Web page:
Watch out for these HMRC tax refund scams
Scammers regularly send out fake emails supposedly from HMRC promising a tax refund. Here's what to watch out for.
Fraudsters regularly send out thousands of tax refund 'phishing' emails, particularly around the tax deadline times of 31st January and 31st October.
In the three months prior to this year's self assessment deadline at the end of January, HM Revenue & Customs (HMRC) received reports of 23,247 scam emails. That's a shocking increase of 47% on the same period a year earlier. As a result last month the taxman was able to close 178 illegal websites in January, compared to 65 in the same month in 2013.
Across 2013 as a whole HMRC closed down a whopping 1,476 scam websites linked to these phishing emails
These emails ask you to input your credit card or bank details into an online form, so that the rebate can be paid to you. But if you provide your details, your account will be emptied and your credit cards will be used to their limit, and you may also become a victim of identity fraud.
Don't be caught out. Here's what to look out for.
What the emails look like
While the emails look genuine, complete with HMRC logo and official-style reference numbers, the dubious English ("your fiscal activity") should set alarm bells ringing.
Often, the email addresses look genuine too, often ending in 'hmrc.gov.uk'. Here are some of the reported email addresses used to distribute the tax rebate emails, according to HMRC:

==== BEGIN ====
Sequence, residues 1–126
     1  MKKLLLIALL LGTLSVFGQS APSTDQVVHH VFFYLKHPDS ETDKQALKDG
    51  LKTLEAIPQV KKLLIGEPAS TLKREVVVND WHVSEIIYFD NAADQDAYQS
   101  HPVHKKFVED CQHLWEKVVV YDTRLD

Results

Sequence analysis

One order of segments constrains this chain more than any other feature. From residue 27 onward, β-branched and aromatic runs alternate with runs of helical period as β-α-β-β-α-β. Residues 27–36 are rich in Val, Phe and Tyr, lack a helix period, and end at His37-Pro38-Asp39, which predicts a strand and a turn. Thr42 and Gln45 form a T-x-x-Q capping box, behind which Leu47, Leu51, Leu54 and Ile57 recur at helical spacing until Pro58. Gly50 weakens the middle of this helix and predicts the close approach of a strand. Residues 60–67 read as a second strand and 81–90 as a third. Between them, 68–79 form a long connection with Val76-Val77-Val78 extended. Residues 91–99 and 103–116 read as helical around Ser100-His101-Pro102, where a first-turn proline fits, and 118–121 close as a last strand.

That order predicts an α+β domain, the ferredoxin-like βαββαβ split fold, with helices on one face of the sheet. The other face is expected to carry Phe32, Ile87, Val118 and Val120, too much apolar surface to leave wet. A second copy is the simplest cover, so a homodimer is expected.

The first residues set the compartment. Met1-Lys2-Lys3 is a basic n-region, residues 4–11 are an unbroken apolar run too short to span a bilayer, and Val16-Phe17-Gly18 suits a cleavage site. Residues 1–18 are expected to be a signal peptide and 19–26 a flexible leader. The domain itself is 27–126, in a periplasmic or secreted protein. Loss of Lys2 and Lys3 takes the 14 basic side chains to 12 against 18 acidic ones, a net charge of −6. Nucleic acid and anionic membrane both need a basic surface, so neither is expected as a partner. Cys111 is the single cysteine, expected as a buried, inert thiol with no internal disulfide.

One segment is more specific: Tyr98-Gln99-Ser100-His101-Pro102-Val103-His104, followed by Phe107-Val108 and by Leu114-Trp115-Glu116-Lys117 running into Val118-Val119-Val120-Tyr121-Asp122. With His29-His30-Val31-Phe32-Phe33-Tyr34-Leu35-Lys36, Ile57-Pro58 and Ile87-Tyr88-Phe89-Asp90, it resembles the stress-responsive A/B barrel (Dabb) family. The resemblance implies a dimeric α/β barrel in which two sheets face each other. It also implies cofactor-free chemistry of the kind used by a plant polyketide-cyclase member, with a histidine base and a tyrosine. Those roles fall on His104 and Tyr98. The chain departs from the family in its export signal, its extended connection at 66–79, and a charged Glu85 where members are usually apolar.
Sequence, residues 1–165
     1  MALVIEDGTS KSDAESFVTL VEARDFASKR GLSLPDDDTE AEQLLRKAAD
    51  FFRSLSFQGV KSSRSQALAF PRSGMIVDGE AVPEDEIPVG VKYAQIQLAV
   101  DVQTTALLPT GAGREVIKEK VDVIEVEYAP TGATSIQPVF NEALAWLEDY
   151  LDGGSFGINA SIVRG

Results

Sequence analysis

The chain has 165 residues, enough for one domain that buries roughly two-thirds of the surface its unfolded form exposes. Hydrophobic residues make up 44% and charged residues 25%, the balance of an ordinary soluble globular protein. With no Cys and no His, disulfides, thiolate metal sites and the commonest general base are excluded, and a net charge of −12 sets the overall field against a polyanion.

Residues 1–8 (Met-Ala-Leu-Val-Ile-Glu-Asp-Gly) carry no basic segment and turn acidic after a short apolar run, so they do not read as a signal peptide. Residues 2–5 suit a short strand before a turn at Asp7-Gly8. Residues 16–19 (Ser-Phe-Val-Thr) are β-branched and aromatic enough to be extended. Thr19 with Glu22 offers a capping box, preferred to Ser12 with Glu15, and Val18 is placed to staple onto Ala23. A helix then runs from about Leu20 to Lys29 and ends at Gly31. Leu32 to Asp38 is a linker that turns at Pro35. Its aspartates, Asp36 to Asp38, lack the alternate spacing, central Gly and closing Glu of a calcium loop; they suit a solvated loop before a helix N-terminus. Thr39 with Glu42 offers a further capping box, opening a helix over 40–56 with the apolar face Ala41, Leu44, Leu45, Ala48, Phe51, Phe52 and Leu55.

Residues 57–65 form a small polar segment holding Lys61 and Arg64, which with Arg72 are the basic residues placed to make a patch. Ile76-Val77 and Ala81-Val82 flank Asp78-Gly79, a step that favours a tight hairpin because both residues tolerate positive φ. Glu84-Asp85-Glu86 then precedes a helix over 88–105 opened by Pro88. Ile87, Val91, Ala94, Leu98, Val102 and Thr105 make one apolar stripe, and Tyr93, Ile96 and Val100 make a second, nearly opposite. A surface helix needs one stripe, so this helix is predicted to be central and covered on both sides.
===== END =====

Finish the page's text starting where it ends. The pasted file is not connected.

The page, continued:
The fake phishing website you click through to can also look genuine, as this example demonstrates.
How you can tell the email is a fake
Simple: HMRC never contacts customers who are due a refund by email. It only ever sends such a letter by post.
Similarly, it's worth knowing that HMRC never contacts taxpayers about refunds by telephone, and never uses external companies regarding refunds.
Basically, if it doesn't come in the post from HMRC, it's fake. End of story.
What to do if you receive an email
If you do get an email like this, you should send it to HMRC for investigation before deleting it. Forward all suspicious emails to HMRC at email@example.com.
And if you have reason to believe you have been the victim of an email scam, report the issue to your bank/card issuer as soon as possible.
Get safe online
Remember, phishing emails are common for all sorts of issues. As a rule of thumb, never click on links contained in suspicious emails or open attachments. You can get more help via the Get Safe Online website or read our top 12 tips to keep you safe online. If you use online banking, you may also want to read Online banking: how to stay safe.
If you spot a scam, email us at firstname.lastname@example.org or post it on our Q&A pages.
This is a classic lovemoney article that has been updated